Over a decade ago, a move between cities created the most serious crisis of this writer’s life: there were no longer had any “building friends” our age to play with. In Bangalore, our new home, we were surrounded by bungalows that seemed to house only the elderly. Cue mean-spirited jokes about being the only children in a pensioner’s paradise.
Just as roles have reversed in our thirties, good news arrives from Lahe Lahe, Indiranagar. They’ve just kicked off Salt & Pepper, a weekly meet-up for senior citizens tired of hanging out with silly young people. It’s a departure from their usual schedule of workshops and arty gatherings, where word association games with ‘hip’ don’t usually bring up ‘surgery.’
The space’s founder, Mansee Shah Thard, says the idea for Salt & Pepper came to her when a 65-year-old gentleman rang to inquire if one of her other events would admit him. No age restriction had been mentioned in the event details, but Thard realised that for many seniors, the prospect of going out and kicking back causes some hesitation.
The first event, held on a sleepy Thursday afternoon last week, involved comfortable cane chairs and a rousing round of Housie. What started off ostensibly as a friendly game soon turned into a jam session for the singers in the group, interspersed with jokes flying back and forth. As a result, this week’s theme: Antakshari!
“Most senior citizens meet at a park, sit on the bench, and discuss politics,” says Arun Bhatia, retired journalist, local senior citizen, and inaugural Salt and Pepper attendee. “Often this is the only interaction they have.” Not at Salt and Pepper, where plans are already afoot for the next outing. A new event will be announced every week on Lahe Lahe’s Facebook page, and signing yourself or a loved one up is easy as pie.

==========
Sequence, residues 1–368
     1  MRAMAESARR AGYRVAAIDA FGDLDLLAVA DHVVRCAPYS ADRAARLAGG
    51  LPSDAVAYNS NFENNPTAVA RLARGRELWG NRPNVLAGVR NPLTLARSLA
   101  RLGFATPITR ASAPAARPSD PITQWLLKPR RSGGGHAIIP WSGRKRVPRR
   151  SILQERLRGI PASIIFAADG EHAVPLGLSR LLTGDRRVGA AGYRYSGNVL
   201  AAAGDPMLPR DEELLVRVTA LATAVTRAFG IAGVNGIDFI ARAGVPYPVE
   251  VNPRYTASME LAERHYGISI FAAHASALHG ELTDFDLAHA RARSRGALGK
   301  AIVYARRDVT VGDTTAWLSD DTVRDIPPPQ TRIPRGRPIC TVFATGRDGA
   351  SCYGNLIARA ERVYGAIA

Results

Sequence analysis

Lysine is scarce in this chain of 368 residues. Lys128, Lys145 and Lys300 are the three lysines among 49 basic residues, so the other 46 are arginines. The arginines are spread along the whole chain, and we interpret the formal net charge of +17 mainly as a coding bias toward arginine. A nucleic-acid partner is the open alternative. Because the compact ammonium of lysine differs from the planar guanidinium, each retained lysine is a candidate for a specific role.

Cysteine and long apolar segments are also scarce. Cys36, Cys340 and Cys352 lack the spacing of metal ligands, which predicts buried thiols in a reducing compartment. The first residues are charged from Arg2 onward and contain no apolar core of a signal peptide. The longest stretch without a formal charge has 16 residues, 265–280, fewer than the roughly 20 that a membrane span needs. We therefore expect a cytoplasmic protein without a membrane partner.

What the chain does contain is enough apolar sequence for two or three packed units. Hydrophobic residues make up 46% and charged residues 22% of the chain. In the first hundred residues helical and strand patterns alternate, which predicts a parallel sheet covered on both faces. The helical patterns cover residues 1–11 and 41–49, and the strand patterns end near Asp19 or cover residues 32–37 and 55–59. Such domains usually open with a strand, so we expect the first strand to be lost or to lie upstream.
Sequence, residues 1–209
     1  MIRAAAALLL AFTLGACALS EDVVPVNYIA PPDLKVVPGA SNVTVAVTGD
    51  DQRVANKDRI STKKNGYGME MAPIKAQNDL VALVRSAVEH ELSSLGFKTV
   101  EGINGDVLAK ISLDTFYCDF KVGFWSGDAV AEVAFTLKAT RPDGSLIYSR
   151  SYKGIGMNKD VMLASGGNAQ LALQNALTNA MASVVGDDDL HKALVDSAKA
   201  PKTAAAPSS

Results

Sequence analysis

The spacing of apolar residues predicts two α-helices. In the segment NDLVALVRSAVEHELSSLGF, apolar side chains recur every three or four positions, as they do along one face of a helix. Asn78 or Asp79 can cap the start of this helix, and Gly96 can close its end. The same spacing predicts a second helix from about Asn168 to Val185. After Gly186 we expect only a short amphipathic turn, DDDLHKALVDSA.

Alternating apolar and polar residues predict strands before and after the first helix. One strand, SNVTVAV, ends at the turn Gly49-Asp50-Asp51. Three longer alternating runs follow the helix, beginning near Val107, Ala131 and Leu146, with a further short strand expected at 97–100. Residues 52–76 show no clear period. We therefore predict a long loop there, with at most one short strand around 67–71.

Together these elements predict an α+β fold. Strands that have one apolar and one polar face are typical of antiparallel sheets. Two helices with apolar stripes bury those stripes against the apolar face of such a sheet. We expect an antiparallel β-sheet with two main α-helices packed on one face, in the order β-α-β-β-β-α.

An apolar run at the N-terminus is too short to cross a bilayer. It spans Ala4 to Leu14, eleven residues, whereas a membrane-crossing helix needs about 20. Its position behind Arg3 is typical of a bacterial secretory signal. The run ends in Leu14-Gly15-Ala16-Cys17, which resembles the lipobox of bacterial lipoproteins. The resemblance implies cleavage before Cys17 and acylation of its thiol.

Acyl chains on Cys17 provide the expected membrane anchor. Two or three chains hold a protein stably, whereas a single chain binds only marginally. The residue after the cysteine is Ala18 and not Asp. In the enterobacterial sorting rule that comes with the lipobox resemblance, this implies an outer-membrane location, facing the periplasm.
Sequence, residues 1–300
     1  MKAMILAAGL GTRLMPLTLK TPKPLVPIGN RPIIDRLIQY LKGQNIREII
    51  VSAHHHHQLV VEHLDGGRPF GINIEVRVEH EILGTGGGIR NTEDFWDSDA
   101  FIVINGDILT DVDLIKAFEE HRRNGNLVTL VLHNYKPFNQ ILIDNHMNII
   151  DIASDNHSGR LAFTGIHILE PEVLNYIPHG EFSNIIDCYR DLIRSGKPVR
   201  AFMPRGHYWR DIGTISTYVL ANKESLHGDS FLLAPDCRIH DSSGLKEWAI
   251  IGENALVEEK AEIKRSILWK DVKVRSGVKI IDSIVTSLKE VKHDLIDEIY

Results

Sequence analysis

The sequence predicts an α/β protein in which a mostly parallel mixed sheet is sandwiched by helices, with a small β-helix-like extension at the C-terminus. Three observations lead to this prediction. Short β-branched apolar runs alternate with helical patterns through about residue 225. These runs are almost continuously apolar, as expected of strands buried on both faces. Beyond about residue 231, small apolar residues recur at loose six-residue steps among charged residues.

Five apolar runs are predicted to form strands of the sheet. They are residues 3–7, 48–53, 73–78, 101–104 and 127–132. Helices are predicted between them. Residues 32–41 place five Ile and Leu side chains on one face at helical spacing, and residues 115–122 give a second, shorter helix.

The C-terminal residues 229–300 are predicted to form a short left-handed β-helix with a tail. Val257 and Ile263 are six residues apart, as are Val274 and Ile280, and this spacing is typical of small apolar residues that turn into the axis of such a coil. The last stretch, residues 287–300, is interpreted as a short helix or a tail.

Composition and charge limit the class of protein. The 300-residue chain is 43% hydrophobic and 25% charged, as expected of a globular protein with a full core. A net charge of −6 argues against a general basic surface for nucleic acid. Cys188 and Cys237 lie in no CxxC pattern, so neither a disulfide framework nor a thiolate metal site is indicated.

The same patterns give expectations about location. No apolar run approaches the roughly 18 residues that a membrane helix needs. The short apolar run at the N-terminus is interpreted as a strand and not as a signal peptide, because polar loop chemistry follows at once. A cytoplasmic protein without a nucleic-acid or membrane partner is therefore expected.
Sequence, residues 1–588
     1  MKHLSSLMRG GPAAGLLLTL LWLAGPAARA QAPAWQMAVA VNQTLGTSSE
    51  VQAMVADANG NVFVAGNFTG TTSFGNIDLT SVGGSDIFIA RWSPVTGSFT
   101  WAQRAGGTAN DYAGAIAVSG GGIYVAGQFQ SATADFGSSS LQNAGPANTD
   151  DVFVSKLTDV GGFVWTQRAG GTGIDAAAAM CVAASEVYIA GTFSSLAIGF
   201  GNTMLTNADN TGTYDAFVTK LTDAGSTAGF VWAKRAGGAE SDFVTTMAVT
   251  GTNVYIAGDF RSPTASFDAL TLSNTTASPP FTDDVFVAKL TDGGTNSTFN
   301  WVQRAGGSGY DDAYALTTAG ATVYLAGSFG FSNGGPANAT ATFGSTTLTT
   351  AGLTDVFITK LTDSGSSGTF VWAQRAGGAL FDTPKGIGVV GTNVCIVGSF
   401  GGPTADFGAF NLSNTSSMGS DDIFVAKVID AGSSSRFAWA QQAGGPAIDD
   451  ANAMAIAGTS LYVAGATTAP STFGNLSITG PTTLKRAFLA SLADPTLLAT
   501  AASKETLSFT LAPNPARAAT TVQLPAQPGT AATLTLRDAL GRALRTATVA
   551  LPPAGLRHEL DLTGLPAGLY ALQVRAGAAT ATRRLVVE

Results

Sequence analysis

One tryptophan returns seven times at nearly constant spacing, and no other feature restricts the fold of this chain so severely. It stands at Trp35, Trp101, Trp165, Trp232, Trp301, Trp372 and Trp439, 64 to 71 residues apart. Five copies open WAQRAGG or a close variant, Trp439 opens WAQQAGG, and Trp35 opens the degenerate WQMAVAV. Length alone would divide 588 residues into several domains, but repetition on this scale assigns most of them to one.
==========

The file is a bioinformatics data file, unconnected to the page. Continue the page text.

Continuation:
These golden-aged adventurers might just be ready to out-cool the cool kids. After all, it isn’t that there is not enough to do in the city; just rare to see people who look like your parents at a gig or a stand up comedy show. These places are so often coded to be young and unwrinkled, it can be off putting to anyone without a septum piercing and rainbow hair.
“Seniors get left out - children move abroad, they are busy with their work and lives. It becomes difficult to meet new people,” Arun muses. “But events like this create some bonding. You meet your neighbours, other seniors. There’s a community.” Having tested the waters and found them satisfactory, these new friends are planning the future with gusto. A potluck? A storytelling session? Maybe some DIY? That’s how you start building friends - for yourself.
Getting there: Salt & Pepper events are usually scheduled for every Thursday afternoon. Follow Lahe Lahe on Facebook and keep an eye out for the next event’s details.
Accessibility: Limited street parking is available. Stairs and a ramp lead to the elevator that takes you up to Lahe Lahe on the third floor.
Sushmita Sundaram writes about funny people, odd things, and anything edible. Follow her on Twitter at @sushmitas.
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